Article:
So, first, there are occasional small moments that I just find either endearing or cute or funny, and this helps with the film’s flow and momentum. Humour is like the most subjective thing, though, so sure, The Future will not make everyone giddy in that department.
But. What I really respond to is what I now realize to be the central theme of the movie, which is the fragility of our connections to people and ideas, and how the world outside of our own agendas is a harrowing, terrifying abyss. July’s character Sophie states early on how something like keeping up with the news is a task that she’s “so behind” on that she’s long since succumbed to not caring about it. She wants to keep track of current events, but she’s given up on that field altogether. “Why bother?” (this sentiment is repeated later on, on a global rather than personal level, in reference to the environment. We’ve ‘fallen behind on’ our maintenance of it, and people respond by not even bothering to fight for it anymore; Sophie’s bf Jason sells not one tree to anyone that isn’t Sophie).
Then, there’s the world Sophie has with Jason that encompasses her routines and schedules involving her life with him, which is the premiere responsibility of her daily life as they rely on each other for intimacy and companionship. As well, there are her career ambitions – gaining some sort of notoriety as a dancer – and her reliance on the internet, which is shown to be almost entirely superfluous to her as she struggles to think of anything necessary to research in the brief moments before her connection is shut off. All of these aspects of her life make up her own, readymade bubble, and her relationship to each is shown, one-by-one, to be incredibly fragile, irredeemably disrupted with only the slightest neglect.
Sophie’s attempt to start a hit youtube series of 30 Dances in 30 Days sees her giving herself an exciting (for her, anyway) utility of her artistic abilities that also relates to close quarters outside of her sphere (that plastic girl behind the counter). When Sophie struggles to come up with a first dance, she immediately falls behind schedule, gets frustrated, and, in a moment of feeling incompetent as an artist, channels her frustration in sex with a sleazy stranger (which dominos into her responsibilities toward her boyfriend Jason, the most impacting one).
She tumbles away from her responsibilities and into a void of unfamiliar routines (as a suburban mistress, as a non-artist, as a non-hipster), and this is portrayed emotionally in the film (as opposed to realistically or literally) via an onslaught of magic realist happenings, e.g. the talking moon, paused time, and people who age years and then decades right before her very eyes (one of a few instances that recalls Synecdoche, New York). Her detachment from any recognizable trait of the life she knows is made to be felt in us (the viewer) by detaching us from the flow and rhythms of the film’s first half (which was a portrait of complacent, harmless hipsters set within the rules of reality – albeit a twee reality that is situated on quirky gestures and actions. Significantly, and a bit heavy-handedly, this is shown in Jason’s dual attempts at stopping time; the first time it’s a cutesy pretend game in which the world resumes while he and Sophie pause, and then he later he stops time ‘for real,’ as he resumes amidst a paused world).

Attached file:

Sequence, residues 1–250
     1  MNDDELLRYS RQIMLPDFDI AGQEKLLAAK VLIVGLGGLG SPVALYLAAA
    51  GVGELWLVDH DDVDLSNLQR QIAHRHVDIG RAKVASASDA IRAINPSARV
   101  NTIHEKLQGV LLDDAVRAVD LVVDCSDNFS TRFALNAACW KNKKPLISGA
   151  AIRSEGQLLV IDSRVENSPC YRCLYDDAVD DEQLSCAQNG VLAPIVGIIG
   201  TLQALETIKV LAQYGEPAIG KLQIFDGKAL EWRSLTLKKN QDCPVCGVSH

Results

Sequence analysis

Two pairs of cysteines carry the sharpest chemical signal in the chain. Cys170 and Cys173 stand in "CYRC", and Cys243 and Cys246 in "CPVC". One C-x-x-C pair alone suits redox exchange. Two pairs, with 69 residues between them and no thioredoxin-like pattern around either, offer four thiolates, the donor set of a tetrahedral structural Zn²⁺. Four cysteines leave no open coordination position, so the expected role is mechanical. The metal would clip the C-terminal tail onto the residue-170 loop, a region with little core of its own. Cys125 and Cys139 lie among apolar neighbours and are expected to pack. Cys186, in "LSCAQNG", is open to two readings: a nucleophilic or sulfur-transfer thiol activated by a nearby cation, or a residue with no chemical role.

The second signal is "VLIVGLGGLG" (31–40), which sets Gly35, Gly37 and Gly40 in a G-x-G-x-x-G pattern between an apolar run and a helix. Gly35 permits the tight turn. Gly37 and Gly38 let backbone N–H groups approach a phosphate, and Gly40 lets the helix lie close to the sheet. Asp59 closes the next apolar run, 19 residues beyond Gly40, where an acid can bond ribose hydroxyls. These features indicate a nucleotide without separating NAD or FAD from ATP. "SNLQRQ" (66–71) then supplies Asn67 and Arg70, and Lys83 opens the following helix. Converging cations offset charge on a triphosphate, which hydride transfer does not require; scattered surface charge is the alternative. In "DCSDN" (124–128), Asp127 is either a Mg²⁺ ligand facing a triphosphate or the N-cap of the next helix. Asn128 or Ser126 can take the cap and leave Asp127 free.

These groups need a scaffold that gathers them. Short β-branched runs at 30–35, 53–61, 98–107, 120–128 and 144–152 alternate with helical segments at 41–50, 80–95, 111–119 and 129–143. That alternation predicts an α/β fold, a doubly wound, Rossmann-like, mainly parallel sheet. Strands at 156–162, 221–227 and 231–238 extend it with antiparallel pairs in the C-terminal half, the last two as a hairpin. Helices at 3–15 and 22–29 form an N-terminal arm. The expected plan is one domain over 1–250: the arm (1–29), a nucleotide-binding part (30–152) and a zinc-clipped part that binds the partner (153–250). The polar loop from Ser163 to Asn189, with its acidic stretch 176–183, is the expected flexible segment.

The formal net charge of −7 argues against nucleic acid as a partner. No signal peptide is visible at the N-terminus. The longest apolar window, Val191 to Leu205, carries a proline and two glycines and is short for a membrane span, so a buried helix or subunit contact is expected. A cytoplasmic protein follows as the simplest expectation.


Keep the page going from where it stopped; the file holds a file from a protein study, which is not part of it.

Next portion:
When Jason is destabilized from his life by Sophie’s 3:14am revelation, he likewise is detached from his schedules and responsibilities and falls into an abyss. His response is to not deal with it…to, as mentioned before, stop time. It’s an act that is initially meant to allow himself to gather his thoughts and relish his last few moments of ignorance before he learns of his girlfriend’s affair, annihilating the world he’s built for himself. He let’s it linger – for hours, then days, then weeks. The point where the film’s theme is most resonant is when he is told (by the moon…the quirk never completely goes away) that while he has effectively stopped time for himself, the world was still going, so when he ‘resumes’ time, he will pick up where he would have been had he not stopped time at all. He will already be without his girlfriend, and he also will have fallen irreparably behind in his other responsibilities (i.e. saving the planet, and caring for an unwell cat named Paw Paw, whose adoption day passes while Jason worries about his own emotional well-being, and results in the cat being put to sleep – the death of a life that was dependent on him).
So really, in the guise of an obnoxious twee, “high class mumblecore” film (as my friend David labeled it), it’s essentially a film about losing a grasp on what is inside and outside our respective bubbles, agendas, routines, etc. Things typically fall back in line over time, but the damages depicted in The Future are of magnitudes that preclude healing. This molds July’s sternly pessimistic vision as a response to the disengaged optimism exemplified in the first 45 minutes. I thought July was erring toward the end by suggesting a reconciliation for Jason and Sophie (she actually may have very well done that), but I’m pleased when the credits finally begin to roll – before too much hopes sets in, leaving the two in their lonely and alienated outer spaces, even within what used to be their one private space. Their precious ‘secret signal’ (Peggy Lee’s “Where or When”) doesn’t even work as intended, failing to put them back where they were.